1634: THE BALTIC WAR — snippet 18

 

1624: THE BALTIC WAR – snippet 18:

 

 

            “Luck, bullshit,” said Krenz. He used the English term. No American loan words except purely technical ones were adopted wholesale the way their delightful profanity was. “You were a good foreman, Thorsten. That’s why they promoted you in the first place. They’re shitheads, but they’re not stupid.”

 

            Achterhof drained his stein and called for another one. “Eric’s right, Thorsten,” he said, after she left. “I asked around. All the men thought well of you. Being a foreman is a skill too, you know.”

 

            “Sure is,” agreed Krenz. “I know. I’ve had plenty of bad ones. Either they didn’t know the work or they were afraid to make a decision—usually both—or they knew what they were doing but were rude and unpleasant bastards to work for. It’s not that common to find a foreman who doesn’t have either vice.”

 

            Engler made a face. “I didn’t really know what I was doing.”

 

            A sudden flashing image of Stiteler came, and he paused while he desperately tried to fend it off. It was the same image as most of them. There’d been a moment there, after Robert had been slammed into a stanchion, when his body seemed to be glued in place by the force of the blow. His face had been untouched, but the back of his head had been completely crushed. Eyes still open but empty, the man already dead, with blood and bits of his skull and pieces of his brain starting to ooze down the metal column.

 

            Thorsten closed his eyes and shook his head. That seemed to help, sometimes.

 

            When he opened his eyes, he saw Achterhof gazing at him. Sympathetically—and knowingly.

 

            “Go talk to the up-time women, Thorsten,” the CoC organizer said softly. “If you can’t pay right away, they’ll make arrangements.”

 

            Engler took a slow, deep breath. “All right, I will. Where is their business?”

 

             “It’s actually a government enterprise. Part of what they call the ‘Department of Social Services.’” The waitress arrived with Achterhof’s beer, and he paused long enough to pay her. Then, with the stein, gestured in the direction of Government House. “They’re in the corner next to the river, on the third floor. Just ask for the social workers.”

 

            Thorsten nodded, drained what was left of his own stein, and then contemplated the empty vessel. More to the point, contemplated whether he could afford to order another. The very fact that he even had to think about whether he could do so drove home to him just how quickly his financial situation would become desperate.

 

            Well… “desperate,” in a sense. Finding a job that would pay enough to keep him fed and sheltered and even reasonably clothed wasn’t the issue. Magdeburg was what the Americans called a “boom town.” If he started looking early the next morning, Thorsten could have a new job by the end of the day. Maybe even by noon. But it would be unskilled labor, almost for sure.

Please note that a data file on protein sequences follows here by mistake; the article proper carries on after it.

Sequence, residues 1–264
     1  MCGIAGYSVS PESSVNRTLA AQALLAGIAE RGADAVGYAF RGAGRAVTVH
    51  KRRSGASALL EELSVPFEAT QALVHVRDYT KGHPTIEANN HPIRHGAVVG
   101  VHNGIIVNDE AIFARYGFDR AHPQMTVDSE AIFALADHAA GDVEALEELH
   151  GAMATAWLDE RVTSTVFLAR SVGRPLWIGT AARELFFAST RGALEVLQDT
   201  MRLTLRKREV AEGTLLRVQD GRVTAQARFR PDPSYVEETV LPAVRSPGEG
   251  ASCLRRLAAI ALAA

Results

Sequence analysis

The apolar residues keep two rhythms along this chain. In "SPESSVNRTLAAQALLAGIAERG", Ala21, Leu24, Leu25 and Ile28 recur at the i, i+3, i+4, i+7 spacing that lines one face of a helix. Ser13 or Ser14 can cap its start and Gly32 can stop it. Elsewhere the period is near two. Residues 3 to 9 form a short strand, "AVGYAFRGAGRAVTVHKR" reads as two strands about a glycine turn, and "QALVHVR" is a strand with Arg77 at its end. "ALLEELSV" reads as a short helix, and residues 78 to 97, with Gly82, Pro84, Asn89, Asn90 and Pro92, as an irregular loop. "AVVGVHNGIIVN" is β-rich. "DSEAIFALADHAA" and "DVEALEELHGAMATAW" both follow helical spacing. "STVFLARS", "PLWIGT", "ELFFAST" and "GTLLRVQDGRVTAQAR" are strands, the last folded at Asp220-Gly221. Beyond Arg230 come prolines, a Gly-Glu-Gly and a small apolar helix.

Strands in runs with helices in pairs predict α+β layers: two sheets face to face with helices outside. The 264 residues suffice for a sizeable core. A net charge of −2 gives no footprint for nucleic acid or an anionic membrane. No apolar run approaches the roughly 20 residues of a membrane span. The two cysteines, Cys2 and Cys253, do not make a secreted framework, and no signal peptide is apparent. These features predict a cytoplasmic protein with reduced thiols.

The problem wasn’t even the work itself, as hard as it would most likely be. Thorsten was not lazy and, though he was no taller than the average man, was stocky and very strong for his size. In particular, like most people raised to farm work, he had a lot of endurance.

 

            It was the boredom that would slowly—no, not so slowly, not any more—drive him half-mad. Now that Thorsten had had the experience of a job that was interesting and challenging, the idea of going back to spending all day wielding a pick or a shovel was far more distasteful than it would have been a few months earlier. He’d been spoiled, really.

 

            “I’ll have to make arrangements,” he said, almost sighing the words. “Even though I hate being in debt.”

 

            He noticed, suddenly, that Achterhof’s earlier sympathetic expression had been replaced by something else. There was now a look on his face that wasn’t exactly what you could call “predatory.” But it reminded him of the way hunting dogs fixed their gaze on something that might be prey.

 

            “Join the army,” Gunther said. He nodded toward Krenz. “Like he’s going to.”

 

            Surprised, Engler looked at Eric. Krenz shrugged, smiling perhaps a bit ruefully. “Hey, look, Thorsten. They didn’t fire me, true enough. But there’s not going to be any work for me there until they rebuild the whole factory. Which will take months—and Underwood and Hartmann are not the old-style type of masters who’ll pay a man when he’s not actually working.”

 

            The young repairman looked a bit uncomfortable, for a moment. “Besides. I’d been thinking about it anyway. It’s also a matter of patriotic duty.”

 

            Patriotic. That was another up-time loan word in Amdeutsch. The notions involved in the term weren’t completely foreign, not by any means. Any German who had citizenship rights in a town—which many didn’t, of course—understood perfectly well that the rights also carried obligations. Including the obligation to serve in the militia when and if the town was threatened. But the Americans gave a sweeping connotation to the notion that was quite different from the traditional one. Almost mystical, in a way. As if such a nebulous thing as a “nation” was as real as an actual town or village, and could make the same claims on its citizens.

 

            Now suspicious, Thorsten looked back and forth between Eric and Gunther. “You set this up,” he accused. “The two of you.”

About Eric Flint

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